By Miguel Padró
This past weekend, New York Times columnist Joe Nocera debunked the notion that a corporation’s primary duty is maximizing shareholder value, highlighting how this decades-old philosophy is now being reconsidered by a growing number of academics and practitioners. The soul searching is being driven in part by a recognition that maximizing shareholder value has not produced the outcomes for investors, companies, or society that its early advocates envisioned, he says. Nocera also calls for executives to further their companies by providing goods and services, employing workers, and emphasizing other metrics of value besides stock price, and cites “The Shareholder Value Myth” by Cornell Law School professor and Institute Business and Society Program Advisory board member Lynn Stout, which addresses the issue from a legal perspective.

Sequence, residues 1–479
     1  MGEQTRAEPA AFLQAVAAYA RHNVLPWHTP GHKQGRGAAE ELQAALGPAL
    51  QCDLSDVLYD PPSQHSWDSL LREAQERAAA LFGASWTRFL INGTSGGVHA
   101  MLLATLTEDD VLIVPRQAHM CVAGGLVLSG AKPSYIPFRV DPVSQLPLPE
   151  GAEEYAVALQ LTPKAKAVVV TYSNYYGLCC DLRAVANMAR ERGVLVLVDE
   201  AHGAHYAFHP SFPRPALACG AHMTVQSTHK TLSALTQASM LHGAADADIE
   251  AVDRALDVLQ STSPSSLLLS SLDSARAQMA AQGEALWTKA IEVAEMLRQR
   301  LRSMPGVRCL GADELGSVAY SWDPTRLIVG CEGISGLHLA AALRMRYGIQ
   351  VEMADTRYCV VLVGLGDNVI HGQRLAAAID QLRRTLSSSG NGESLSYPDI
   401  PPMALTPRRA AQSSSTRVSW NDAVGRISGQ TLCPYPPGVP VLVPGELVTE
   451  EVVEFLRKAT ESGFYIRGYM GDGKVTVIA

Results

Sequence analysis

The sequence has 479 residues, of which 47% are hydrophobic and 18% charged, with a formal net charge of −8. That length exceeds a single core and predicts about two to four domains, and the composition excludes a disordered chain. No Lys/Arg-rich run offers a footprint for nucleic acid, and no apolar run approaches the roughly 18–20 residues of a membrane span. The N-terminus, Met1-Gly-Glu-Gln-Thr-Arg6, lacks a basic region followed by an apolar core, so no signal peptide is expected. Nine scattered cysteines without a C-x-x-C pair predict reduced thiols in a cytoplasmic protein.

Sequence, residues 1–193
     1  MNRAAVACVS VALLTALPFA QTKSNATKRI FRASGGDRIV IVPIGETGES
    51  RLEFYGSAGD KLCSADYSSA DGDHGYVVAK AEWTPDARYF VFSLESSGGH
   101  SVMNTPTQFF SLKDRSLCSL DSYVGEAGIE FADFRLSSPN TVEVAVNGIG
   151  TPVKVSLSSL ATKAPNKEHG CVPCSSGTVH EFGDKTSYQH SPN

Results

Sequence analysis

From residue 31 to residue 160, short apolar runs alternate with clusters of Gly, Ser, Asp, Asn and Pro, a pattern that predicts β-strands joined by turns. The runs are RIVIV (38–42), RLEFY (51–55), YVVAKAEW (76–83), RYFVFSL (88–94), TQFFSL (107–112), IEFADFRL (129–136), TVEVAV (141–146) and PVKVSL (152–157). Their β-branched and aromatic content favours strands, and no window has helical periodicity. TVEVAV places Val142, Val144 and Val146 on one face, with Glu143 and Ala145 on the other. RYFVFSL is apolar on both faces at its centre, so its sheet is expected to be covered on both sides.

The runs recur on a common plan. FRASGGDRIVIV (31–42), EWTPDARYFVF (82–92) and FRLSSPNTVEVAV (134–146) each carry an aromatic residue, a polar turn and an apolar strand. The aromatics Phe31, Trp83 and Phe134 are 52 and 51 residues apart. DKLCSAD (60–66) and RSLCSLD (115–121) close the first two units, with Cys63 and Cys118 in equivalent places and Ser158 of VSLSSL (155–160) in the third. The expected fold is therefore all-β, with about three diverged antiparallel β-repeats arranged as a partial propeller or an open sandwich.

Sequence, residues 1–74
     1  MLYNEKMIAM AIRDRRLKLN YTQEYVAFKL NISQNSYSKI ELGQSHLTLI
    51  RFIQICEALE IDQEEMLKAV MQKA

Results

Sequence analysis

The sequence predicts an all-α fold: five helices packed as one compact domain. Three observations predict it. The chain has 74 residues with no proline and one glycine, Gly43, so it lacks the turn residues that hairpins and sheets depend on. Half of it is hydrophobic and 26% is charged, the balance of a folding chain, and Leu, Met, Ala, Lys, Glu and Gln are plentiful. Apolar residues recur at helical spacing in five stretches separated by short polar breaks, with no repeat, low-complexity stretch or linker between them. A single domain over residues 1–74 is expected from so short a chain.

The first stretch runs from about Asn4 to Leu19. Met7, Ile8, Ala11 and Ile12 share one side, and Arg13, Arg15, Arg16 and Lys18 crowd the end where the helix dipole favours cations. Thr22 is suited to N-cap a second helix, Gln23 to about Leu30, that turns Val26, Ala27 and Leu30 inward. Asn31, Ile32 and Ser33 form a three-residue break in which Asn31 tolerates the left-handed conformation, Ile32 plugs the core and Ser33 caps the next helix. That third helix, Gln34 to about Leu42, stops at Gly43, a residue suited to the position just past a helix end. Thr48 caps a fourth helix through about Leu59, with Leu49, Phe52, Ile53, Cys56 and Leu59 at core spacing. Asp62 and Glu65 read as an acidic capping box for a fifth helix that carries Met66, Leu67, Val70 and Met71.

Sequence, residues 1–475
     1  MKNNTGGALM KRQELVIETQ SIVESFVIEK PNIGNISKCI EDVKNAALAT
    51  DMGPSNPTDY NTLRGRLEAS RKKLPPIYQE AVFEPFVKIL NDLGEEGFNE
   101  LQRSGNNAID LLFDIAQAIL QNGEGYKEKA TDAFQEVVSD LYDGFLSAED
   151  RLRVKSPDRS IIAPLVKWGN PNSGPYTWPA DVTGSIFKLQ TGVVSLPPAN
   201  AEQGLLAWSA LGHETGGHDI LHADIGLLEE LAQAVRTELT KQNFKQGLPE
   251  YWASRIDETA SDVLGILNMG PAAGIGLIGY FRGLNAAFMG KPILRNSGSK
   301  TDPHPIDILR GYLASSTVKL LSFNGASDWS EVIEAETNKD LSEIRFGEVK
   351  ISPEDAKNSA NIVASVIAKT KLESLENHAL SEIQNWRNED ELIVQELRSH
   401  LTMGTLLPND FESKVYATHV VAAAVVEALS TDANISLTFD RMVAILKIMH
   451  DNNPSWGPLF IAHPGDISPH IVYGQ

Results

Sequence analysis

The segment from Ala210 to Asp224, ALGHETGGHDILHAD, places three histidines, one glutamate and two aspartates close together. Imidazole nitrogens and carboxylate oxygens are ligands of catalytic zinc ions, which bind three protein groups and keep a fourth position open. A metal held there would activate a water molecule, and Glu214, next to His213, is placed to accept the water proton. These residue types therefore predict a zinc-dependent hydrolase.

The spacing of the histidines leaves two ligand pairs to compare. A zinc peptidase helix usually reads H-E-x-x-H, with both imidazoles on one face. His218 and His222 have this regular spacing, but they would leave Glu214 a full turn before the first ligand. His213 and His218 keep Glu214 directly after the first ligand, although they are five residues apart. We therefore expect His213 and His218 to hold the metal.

The Business and Society Program renewed its focus on re-thinking the purpose of business in early 2011 by hosting a series of roundtables with prominent legal and business scholars, as well as select practitioners from the world of business and investment. This work aims to broaden the purpose of the corporation beyond profit maximization through a deeper understanding of the corporation as a value-creating entity. To learn more about the Business and Society Program's exploration of the merits of business to society beyond shareholders, as discussed by Nocera, click here.